iNACOL Releases New Online & Blended Learning Study

The International Association for K-12 Online Learning (iNACOL) released the new study Online and Blended Learning: A Survey of Policy and Practice of K-12 Schools Around the World today at the Virtual School Symposium in Indianapolis.
The study reports significant growth for online and blended learning models in K-12 education in the U.S. and world. The authors found that nearly 60 percent of the more than 60 countries included in the study reported government funding for blended learning or fully online programs at primary and secondary levels.
“Primary and secondary school students today are using the Internet for research, accessing greater resources and original sources, collaborating with students, teachers and experts and creating their own content. More than half of high school students are creators of content. Online learning is emerging as a powerful force for tapping this phenomenon to transform the way our students learn for the 21st century, via highly personalized instruction and performance-based models of assessment,” said Susan Patrick, President and CEO of iNACOL.
The report uncovers global trends gearing toward blended models or online learning mixed with face-to-face time. The report included the following interesting facts:

  • Twenty-five percent of countries surveyed require teacher training for online learning.
  • China’s first online school was created in 1996; today it has expanded to more than 200 online schools with enrollments exceeding 600,000 students.
  • Seventy-two percent of the surveyed countries reported that their online and blended classroom teachers participated in professional development for online teaching.
  • Universities and colleges were reported as the primary source of training for educators, followed by regional centers and local schools.
  • In British Columbia, online schools provide complete programs or individual courses to 71,000 students, which is about 12 percent of the student population.
  • In 2010, Hong Kong enacted a policy recommendation for digital learning that “debundled” textbooks and teaching materials to make them more affordable and accessible to schools, and accelerated the development of an online depository of curriculum-based learning and teaching resources.  A pilot scheme later resulted in a program made available to all 410,000 primary and secondary students in 300,000 low-income families—especially the 8 percent without Internet access at home—to gain access to the Internet for the purpose of learning.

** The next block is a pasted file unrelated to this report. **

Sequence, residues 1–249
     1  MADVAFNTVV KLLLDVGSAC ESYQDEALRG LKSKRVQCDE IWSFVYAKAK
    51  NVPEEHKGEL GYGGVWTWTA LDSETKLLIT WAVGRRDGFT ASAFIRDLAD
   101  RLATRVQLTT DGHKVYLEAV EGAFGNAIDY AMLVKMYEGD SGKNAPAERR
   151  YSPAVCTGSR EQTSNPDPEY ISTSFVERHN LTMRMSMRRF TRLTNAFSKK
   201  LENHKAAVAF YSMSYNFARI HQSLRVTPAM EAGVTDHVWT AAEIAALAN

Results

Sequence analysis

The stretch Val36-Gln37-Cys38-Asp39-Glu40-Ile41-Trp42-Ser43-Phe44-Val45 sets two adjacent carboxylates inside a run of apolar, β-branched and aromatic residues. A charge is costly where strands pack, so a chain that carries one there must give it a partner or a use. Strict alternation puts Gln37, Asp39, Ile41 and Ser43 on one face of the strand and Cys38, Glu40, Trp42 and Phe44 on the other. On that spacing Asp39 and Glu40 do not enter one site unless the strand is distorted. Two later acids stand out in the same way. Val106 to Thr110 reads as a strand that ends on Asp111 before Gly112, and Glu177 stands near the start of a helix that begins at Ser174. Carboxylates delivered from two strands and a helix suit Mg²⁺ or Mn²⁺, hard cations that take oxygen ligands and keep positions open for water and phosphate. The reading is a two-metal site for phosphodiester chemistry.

Online and Blended Learning: A Survey of Policy and Practice of K-12 Schools Around the World is available online at the iNACOL Online Bookstore: or at the iNACOL Annual Conference, the Virtual School Symposium, November 9-11, 2011 at the JW Marriott Indianapolis. Follow the buzz around the event on Twitter with @Getting_Smart and the hashtag #VSS11.

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1 Comment

Paul W. Bennett

The iNACOL international report bears close scrutiny because of the scope of the study and the difficulty in trying to analyze online learning in countries like Canada with 13 different authorities (provinces and territories) responsible for education.
In the case of Canada, British Columbia is the chosen example. That is a peculiar decision because that province is totally unrepresentative of the state of online learning in Canada. Indeed, using BC is downright misleading because it paints a tremendously rosy picture of the state of online learning across Canada.
How do I know? Because I was hired by the Canadian Society for Quality Education (SQE) in early 2011 to conduct an independent study of the Sate of Online Learning in Canada, essentially reviewing past INACOL reports and digging deeper into the findings.
My independent research study, for SQE and the Atlas Economic Foundation, “THE SKY HAS LIMITS”:
ONLINE LEARNING IN CANADIAN K-12 PUBLIC EDUCATION" (April 28, 2011) reached significantly different conclusions about the state of online learning here in Canada.
Here's a brief summary of my findings:
"A comprehensive analysis of online learning, drawing upon recent authoritative research studies, provincial websites and reports, and key interviews reveals that the promise of online learning remains largely unfulfilled in K-12 education. In spite of the tremendous advantages afforded by introducing online learning programs, significant barriers stand in the way of its natural growth and expansion. In all of Canada’s provinces and territories, including Alberta, school choice is rationed or channelled, learning conditions are carefully state regulated, and the delivery of education limited by teacher union contracts. Some private sector virtual schools have recently arrived, but no online public charter schools exist, even in Alberta, the only province with Charter School legislation. Distance education and online learning student enrolments are growing only modestly, given the limits imposed by structural impediments, regulatory constraints, and – in some “have not” provinces – by budgetary restraint programs."
What's my point? The iNACOL reports, prepared by Michael Barbour and his colleagues, should not be accepted as the definitive word on the state of online learning in Canada and perhaps in other nations. It's still an immature field of educational research and one that is too important to be left to the "techies" alone.


Tom Vander Ark

Thanks Paul. Data collection on policies, practices, and participation in online learning is very challenging.

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